I recently heard a comment that greater female labor force participation will hike up the already high unemployment rate in the Middle East and North Africa (MENA). The figure from Scarpetta and Pierre‘s 2003 presentation (see chart below), which I have updated, plots female participation rates against unemployment rates across OECD and MENA countries. It indicates that some countries with low female participation are also those with high unemployment rates.
My visit to the United States to attend the World Bank's Spring Meetings 2012 in Washington, D.C. was an important event in my career. It has opened up a new horizon for me and allowed me to take a closer look at American society and how it deals with other nations, particularly developing countries. It has also offered me a chance to get acquainted with the World Bank’s work and efforts in supporting various countries, including Yemen.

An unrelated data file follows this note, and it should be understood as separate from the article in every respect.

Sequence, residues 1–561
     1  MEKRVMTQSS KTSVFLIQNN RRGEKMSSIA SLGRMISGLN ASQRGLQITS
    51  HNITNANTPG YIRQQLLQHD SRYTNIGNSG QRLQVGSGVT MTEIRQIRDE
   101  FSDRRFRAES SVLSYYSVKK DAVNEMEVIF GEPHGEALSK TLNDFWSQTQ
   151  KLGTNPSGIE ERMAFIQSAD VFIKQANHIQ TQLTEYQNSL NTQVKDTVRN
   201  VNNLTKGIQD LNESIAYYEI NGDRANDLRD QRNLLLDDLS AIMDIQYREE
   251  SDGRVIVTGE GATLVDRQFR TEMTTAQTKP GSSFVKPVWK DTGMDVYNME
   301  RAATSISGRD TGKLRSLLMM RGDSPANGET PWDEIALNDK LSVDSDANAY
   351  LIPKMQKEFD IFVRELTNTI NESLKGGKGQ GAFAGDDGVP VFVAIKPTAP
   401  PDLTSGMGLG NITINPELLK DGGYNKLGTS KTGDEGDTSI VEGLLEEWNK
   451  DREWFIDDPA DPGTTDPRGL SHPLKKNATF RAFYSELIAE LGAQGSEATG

Our latest regional outlook shows a two-track path for growth in MENA. In 2012 oil exporters are likely to fare much better than oil importers in the Middle East and North Africa (MENA). Growth of MENA’s oil exporting countries will be strong and rise from the average of 3.4 percent in 2011 to 5.4 percent in 2012. The new Regional Economic Update presents the outlook for MENA in the context of rapidly-evolving global and domestic environments, recognizing the linkages that matter for shaping country-specific outlooks and the multiple risks that could alter them.